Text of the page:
Something about mental health.

(Right. You'd think I could have thought to write this one already. Like, last fall, when I was writing "something" every day for my own mental health.) May, as you've likely already seen or heard, is Mental Health Awareness Month. You've likely already seen or heard about it because, thanks to the pandemic, mental health … Continue reading Something about mental health.

Something about writing condolence notes.

Brief, sincere, and tactful. If you remember nothing else from what follows, below, then just remember these three words and you'll do fine. One of the things I've learned from having a small stationery business is that people often are reluctant to write notes because they don't know what to write, or how to express … Continue reading Something about writing condolence notes.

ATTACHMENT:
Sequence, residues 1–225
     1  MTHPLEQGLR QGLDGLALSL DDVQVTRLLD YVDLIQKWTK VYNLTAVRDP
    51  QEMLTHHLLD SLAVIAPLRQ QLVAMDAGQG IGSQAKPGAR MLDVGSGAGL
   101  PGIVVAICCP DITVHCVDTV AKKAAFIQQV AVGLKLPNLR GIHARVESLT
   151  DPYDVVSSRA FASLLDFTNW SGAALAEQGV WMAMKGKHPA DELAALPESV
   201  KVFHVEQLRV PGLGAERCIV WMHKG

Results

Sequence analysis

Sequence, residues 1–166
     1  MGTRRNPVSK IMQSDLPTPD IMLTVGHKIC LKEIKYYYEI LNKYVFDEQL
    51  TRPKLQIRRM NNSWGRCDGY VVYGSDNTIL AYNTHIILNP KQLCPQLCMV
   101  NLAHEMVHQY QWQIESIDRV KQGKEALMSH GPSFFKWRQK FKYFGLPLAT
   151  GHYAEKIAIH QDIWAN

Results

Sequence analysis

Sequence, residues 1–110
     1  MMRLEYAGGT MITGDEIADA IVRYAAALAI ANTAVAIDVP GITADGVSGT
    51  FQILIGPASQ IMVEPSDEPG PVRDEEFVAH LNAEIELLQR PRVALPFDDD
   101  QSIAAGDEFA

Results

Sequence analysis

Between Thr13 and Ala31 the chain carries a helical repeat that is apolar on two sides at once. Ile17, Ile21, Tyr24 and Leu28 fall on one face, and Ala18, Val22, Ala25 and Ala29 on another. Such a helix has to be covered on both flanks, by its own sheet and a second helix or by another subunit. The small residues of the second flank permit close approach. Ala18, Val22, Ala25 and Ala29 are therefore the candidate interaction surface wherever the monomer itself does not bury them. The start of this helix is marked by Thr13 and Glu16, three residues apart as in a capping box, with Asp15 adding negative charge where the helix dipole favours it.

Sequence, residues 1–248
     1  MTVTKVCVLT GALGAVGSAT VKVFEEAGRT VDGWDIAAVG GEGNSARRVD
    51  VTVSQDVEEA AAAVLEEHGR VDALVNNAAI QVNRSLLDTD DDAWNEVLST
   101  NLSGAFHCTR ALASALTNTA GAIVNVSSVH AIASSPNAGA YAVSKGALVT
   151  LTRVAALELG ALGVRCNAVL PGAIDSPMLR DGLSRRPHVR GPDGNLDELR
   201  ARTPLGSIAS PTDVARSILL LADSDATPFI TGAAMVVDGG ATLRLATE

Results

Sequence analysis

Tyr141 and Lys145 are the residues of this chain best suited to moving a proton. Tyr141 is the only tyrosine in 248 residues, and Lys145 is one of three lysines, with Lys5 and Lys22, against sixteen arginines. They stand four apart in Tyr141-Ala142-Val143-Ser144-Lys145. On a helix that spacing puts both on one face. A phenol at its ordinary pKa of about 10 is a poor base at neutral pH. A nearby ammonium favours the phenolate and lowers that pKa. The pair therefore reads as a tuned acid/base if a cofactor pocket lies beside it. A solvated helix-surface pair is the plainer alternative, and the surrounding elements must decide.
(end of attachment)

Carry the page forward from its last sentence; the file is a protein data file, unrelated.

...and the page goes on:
Night must fall. March forward anyway.

During my growing-up years, in the days before widespread cable television, our local CBS affiliate station aired old movies in the afternoons and then again late at night. Among the films I remember watching are these: What Ever Happened to Baby Jane; Hush Hush, Sweet Charlotte; Sunset Boulevard; Sorry, Wrong Number; Rebecca; Dracula; The 39 … Continue reading Night must fall. March forward anyway.

Generations, part three.

The concept of "parenting" is deeply embedded in our modern human culture and language, beyond the walls of family dwellings. In computing, for example, "parent-child" is a term used starting in the mid-1960s to describe data architecture. The "parent" could be a customer record, for example; the "child" would be a sales order for that … Continue reading Generations, part three.

A rose for the boy in Aleppo.

The first hint that something was wrong came from a friend's Facebook post, sharing another friend's status. The gist of the post was this: A splinter group had broken through the security blocks that prohibited web traffic, and they wanted to world to know that terrible things were happening and being hidden, covered up. "People … Continue reading A rose for the boy in Aleppo.